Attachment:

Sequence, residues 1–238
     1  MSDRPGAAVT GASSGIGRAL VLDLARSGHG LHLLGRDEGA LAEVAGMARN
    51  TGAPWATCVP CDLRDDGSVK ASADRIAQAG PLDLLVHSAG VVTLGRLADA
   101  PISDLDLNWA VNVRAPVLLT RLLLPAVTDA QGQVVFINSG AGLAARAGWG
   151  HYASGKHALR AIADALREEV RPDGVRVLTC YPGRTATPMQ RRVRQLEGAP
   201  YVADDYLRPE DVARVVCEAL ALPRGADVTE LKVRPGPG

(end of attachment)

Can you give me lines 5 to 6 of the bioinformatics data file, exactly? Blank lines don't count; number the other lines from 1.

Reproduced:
   151  HYASGKHALR AIADALREEV RPDGVRVLTC YPGRTATPMQ RRVRQLEGAP
   201  YVADDYLRPE DVARVVCEAL ALPRGADVTE LKVRPGPG